Guildford Cathedral

The Cathedral Church of the Holy Spirit, Guildford, commonly known as Guildford Cathedral, is the Anglican cathedral in Guildford, Surrey.   Designed by Edward Maufe and built between 1936 and 1961, it is the seat of the Bishop of Guildford. The cathedral was listed as Grade II* by Historic England in 1981.

The tower is 160 feet (49 m) high, and contains twelve bells. At the top of the tower stands a 15-foot (4.6 m) gilded angel, which turns in the wind. Inside, the cathedral appears to be filled with light, with pale Somerset limestone pillars and white Italian marble floors. It is a Grade II* listed building.

The angel on the top of the tower was given in memory of Sgt. Reginald Adgey-Edgar of the Intelligence Corps, who died on active service in 1944 during World War II.   It was designed by William Pickford and created by four silversmiths, before being positioned in Spring 1963. The supporting pole for the angel houses mobile phone antennas.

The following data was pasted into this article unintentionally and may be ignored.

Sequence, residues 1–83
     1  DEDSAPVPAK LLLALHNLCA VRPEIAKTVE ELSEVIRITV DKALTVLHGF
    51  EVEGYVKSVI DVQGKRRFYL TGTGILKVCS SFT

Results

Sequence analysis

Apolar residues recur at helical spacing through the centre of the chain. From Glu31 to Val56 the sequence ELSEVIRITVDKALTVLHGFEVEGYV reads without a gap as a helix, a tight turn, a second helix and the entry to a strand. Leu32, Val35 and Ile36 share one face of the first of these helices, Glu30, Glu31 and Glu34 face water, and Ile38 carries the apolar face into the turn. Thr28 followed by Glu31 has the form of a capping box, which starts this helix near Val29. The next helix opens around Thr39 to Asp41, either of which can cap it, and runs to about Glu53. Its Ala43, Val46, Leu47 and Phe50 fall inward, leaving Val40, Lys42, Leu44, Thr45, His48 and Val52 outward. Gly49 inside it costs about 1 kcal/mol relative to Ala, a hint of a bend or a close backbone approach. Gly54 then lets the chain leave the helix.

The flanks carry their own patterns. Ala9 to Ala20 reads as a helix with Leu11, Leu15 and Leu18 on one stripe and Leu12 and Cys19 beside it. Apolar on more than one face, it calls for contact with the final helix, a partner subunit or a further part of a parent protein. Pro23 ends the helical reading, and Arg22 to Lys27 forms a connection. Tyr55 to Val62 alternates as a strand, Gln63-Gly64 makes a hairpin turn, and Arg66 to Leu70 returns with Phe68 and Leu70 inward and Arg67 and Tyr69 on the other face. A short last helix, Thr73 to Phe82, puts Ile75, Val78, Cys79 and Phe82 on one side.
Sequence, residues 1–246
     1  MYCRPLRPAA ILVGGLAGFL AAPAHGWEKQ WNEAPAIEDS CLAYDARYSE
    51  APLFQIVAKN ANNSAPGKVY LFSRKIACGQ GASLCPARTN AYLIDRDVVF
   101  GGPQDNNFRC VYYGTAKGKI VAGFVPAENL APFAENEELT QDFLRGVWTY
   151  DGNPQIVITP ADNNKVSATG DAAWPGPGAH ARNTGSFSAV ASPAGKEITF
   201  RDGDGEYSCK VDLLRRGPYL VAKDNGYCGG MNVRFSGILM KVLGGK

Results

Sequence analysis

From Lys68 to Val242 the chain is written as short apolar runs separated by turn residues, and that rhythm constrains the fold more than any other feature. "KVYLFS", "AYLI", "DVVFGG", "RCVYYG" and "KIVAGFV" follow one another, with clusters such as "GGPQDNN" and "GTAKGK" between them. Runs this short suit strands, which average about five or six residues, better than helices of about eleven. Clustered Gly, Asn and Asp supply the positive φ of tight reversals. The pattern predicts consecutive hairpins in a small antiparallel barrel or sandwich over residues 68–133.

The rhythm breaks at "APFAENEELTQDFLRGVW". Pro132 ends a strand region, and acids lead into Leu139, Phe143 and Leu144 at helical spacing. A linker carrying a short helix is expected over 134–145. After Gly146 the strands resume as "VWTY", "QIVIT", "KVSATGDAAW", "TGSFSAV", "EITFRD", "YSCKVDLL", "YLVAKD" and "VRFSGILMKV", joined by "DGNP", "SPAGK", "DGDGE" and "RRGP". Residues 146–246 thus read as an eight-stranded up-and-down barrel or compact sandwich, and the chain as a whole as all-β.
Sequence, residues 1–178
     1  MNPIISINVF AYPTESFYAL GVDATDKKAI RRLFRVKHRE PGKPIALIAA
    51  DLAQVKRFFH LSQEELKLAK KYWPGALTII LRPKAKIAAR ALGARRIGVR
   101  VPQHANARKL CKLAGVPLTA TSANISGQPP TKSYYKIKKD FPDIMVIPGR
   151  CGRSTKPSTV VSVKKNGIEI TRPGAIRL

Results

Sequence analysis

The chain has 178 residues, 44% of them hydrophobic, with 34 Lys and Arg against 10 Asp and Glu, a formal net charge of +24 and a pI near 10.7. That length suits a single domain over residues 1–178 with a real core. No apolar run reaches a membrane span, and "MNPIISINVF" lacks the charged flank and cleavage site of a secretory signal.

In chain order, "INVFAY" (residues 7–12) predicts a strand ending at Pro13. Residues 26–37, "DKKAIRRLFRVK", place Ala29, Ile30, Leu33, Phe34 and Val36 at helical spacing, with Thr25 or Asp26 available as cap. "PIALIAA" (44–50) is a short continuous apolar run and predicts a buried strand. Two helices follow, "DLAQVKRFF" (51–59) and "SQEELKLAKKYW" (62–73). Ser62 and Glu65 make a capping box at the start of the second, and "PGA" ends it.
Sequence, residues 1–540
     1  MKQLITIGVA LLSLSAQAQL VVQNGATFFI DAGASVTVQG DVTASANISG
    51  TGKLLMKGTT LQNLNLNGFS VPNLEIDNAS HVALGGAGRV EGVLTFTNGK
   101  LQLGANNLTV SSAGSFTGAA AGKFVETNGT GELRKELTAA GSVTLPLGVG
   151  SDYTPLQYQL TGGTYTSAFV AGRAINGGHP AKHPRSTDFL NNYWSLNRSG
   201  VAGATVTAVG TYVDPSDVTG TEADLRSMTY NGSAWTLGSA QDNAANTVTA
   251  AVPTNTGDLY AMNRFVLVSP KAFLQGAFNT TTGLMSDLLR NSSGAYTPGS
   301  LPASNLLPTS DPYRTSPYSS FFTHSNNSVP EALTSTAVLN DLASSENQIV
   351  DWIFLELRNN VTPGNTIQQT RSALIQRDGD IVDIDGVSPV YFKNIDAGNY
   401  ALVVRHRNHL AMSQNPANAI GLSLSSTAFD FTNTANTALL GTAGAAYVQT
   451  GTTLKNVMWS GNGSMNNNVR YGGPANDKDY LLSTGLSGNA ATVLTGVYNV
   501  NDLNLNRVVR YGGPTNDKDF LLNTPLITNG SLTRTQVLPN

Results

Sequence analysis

The wooden cross which stands outside the eastern end of the cathedral was erected in 1933 before construction work began in order to mark the site of the new cathedral. Known as the Ganges Cross, it is made from timbers of Burma teak from the battleship HMS Ganges. The ship's emblem — an elephant — is embedded in the wood.    (Wikipedia